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:iconscotthartman:
ScottHartman Featured By Owner Apr 19, 2011  Professional Digital Artist
Yes and no. I've heard a lot of people say similar things, but a lot of people who used to draw them thicker also drew them with a very basic (and incorrect) circular cross-section, while the actual cross-sectional shape is more complicated.

I'm also seeing this with backs and necks - there will be lots of blog posts on this in coming months - but there have been some papers (rightly) suggesting that some people don't put enough muscle on these areas, but the response has been to simply drape the back or neck in rounded "balloon" blobs of flesh, which is not more correct.

The important thing is to follow the process, which over time tends to self-correct, rather than to just toss our hands up in the air and conclude that we were better off not trying to learn from comparative anatomy.

Thanks for the kind words!
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:iconthedrunkpixie:
TheDrunkPixie Featured By Owner Mar 20, 2011
it`s realy good!
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:iconscotthartman:
ScottHartman Featured By Owner Mar 20, 2011  Professional Digital Artist
Thank you kindly.
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:iconsupergoji18:
supergoji18 Featured By Owner Mar 7, 2011  Student Traditional Artist
if t-rex was the perfect predator 65 million years ago, and it didn't die... what if it continued to evolve?
that is a thought that gives me nightmares (GULP).
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:iconmizz-colorzz:
Mizz-Colorzz Featured By Owner Apr 4, 2011   Digital Artist
don't worry! he'll probably evolve into.... a chicken :D well, maybe not, but the chicken do is the closest relitive of Rex which is still alive ;) didn't believe it until i saw it on natgeo... the poor guy :lol:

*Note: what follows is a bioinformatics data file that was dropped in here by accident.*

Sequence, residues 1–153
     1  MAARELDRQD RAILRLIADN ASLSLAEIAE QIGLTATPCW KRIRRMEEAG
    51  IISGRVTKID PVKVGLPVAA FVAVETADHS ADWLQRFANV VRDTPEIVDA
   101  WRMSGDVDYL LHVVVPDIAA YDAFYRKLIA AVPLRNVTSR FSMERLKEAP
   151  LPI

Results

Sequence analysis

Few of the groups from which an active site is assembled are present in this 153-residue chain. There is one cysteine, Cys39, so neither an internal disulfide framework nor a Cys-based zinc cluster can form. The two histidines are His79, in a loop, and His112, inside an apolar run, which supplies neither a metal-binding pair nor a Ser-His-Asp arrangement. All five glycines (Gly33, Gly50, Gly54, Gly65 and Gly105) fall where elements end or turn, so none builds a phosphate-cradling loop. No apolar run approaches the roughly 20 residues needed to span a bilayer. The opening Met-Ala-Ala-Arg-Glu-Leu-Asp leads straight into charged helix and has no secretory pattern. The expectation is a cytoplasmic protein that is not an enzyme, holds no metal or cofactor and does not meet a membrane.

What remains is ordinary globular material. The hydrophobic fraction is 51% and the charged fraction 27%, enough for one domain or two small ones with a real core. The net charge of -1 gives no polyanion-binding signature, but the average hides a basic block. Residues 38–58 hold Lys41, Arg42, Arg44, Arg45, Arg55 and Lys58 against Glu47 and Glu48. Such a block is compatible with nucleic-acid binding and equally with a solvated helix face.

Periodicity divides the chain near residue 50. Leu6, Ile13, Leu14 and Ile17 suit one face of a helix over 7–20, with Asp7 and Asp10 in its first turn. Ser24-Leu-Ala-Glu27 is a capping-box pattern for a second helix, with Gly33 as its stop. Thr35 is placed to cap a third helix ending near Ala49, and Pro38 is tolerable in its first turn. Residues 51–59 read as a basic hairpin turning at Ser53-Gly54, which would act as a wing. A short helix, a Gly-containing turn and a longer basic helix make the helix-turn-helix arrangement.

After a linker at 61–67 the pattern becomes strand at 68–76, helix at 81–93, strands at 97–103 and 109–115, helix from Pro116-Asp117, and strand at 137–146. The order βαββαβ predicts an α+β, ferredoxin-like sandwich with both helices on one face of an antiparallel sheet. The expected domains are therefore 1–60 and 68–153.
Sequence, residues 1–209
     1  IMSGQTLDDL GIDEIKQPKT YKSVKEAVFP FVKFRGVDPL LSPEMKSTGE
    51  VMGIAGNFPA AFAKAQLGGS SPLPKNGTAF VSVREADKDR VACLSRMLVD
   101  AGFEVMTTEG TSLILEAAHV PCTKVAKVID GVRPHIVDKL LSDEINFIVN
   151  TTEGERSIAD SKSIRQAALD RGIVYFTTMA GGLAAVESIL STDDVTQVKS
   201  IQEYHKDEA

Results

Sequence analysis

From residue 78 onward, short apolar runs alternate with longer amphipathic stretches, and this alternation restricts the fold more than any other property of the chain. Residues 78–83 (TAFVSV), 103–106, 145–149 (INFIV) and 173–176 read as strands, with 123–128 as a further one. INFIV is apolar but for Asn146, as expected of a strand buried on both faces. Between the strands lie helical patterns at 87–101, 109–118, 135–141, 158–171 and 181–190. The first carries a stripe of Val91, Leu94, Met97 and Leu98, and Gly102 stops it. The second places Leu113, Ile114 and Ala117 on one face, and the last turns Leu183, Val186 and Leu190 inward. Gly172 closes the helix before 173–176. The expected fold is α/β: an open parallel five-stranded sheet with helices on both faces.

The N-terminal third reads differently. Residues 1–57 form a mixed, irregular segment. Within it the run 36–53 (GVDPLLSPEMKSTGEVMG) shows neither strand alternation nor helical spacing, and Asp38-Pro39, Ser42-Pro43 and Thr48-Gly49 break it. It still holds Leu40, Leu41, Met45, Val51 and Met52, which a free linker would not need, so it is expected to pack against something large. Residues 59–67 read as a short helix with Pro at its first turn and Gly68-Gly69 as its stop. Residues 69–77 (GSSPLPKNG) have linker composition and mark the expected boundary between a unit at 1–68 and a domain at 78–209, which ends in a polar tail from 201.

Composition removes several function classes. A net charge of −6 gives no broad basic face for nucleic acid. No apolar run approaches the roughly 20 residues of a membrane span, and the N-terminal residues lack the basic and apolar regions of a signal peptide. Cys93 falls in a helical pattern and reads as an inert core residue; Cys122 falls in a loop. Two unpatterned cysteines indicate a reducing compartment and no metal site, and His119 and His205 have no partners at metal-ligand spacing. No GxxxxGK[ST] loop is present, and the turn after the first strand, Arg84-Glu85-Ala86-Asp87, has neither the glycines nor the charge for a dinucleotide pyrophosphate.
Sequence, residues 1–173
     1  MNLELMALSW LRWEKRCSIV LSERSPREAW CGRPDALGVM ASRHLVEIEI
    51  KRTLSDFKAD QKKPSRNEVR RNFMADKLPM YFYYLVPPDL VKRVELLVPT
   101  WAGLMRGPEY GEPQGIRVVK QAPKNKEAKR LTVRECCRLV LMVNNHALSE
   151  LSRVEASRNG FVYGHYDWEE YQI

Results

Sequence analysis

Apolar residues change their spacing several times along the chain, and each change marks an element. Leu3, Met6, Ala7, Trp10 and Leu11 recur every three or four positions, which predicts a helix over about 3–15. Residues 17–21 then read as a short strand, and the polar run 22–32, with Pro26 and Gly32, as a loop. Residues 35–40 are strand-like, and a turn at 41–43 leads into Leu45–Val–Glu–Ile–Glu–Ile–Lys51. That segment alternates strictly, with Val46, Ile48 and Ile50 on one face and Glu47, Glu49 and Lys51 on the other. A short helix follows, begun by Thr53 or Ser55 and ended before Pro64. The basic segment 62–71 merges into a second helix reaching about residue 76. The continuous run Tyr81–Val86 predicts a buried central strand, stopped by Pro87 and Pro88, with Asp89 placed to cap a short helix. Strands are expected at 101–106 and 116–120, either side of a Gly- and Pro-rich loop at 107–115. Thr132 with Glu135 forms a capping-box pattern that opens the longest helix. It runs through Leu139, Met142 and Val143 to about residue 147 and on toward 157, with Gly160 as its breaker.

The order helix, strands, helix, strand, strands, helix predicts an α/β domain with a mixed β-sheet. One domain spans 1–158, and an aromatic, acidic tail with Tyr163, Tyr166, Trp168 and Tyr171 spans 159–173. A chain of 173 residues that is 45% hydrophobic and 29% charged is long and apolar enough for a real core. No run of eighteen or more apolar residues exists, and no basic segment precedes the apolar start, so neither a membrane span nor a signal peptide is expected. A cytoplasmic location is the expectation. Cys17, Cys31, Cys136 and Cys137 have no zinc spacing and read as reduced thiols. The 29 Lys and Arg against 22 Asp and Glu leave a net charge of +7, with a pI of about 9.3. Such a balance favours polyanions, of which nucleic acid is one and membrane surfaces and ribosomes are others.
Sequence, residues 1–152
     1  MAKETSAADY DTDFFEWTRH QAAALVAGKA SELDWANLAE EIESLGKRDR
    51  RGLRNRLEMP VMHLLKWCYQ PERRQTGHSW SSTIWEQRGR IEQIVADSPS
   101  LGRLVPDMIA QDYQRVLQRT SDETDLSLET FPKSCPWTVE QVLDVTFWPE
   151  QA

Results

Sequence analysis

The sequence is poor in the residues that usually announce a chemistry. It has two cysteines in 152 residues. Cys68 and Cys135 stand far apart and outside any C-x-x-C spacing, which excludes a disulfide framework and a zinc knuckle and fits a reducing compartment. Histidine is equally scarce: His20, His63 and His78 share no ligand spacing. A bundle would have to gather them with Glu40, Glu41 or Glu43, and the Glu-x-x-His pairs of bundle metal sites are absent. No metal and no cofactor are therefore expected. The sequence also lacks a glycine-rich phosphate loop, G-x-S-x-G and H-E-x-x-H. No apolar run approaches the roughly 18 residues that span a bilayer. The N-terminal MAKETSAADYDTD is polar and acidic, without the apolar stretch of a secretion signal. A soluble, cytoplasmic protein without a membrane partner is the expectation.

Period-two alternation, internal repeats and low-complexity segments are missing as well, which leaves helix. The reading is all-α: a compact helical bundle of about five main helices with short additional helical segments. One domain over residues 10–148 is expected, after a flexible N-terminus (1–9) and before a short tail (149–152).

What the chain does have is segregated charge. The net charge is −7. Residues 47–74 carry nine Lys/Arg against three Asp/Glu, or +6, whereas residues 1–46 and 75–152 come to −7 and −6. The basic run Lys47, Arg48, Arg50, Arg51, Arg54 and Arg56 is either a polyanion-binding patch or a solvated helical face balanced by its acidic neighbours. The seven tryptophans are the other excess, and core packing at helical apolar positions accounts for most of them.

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:iconsupergoji18:
supergoji18 Featured By Owner Apr 4, 2011  Student Traditional Artist
a chicken... the greatest predator of all time evolving into a chicken... IMPOSSABLE!
All birds are the closest living relative to dinosaurs. and scientists say they are closer to raptors, not rex.
if they did evolve into a bird, it couldn't have been a chicken. maybe an eagle or really big bird like it, but not a chicken.
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:iconmizz-colorzz:
Mizz-Colorzz Featured By Owner Apr 5, 2011   Digital Artist
i wouldn't know :p i was just qoating the scientist of the program 'make me a dino' lol...
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:iconsupergoji18:
supergoji18 Featured By Owner Apr 5, 2011  Student Traditional Artist
no shame in that.
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:iconmizz-colorzz:
Mizz-Colorzz Featured By Owner Apr 5, 2011   Digital Artist
haha lol, imagine a gigantic chicken XD would be so stupid :P right?
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:iconsupergoji18:
supergoji18 Featured By Owner Apr 5, 2011  Student Traditional Artist
not compared to... THE GIANT CLAW. BUM BUM BAAAAA!!
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:iconmizz-colorzz:
Mizz-Colorzz Featured By Owner Apr 5, 2011   Digital Artist
OMG i'm so scared!!! save me king kong! bwhahahaha :XD: you know what else is scarry? little baby chickens!
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(1 Reply)
:iconscotthartman:
ScottHartman Featured By Owner Mar 7, 2011  Professional Digital Artist
Well, remember that "perfect" only makes sense within a given adaptive environment. Since the environments and prey would have kept changing, tyrannosaurs would have needed to evolve as well (as indeed they did leading up to T. rex).

Still, it is hard to imagine T. rex evolving into something even more "Rexy".
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:iconsupergoji18:
supergoji18 Featured By Owner Mar 8, 2011  Student Traditional Artist
whenever i think of a "super" t-rex, i think of one of these guys:
[link]
[link]
[link]
[link]
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:iconindigomagpie:
indigomagpie Featured By Owner Mar 19, 2011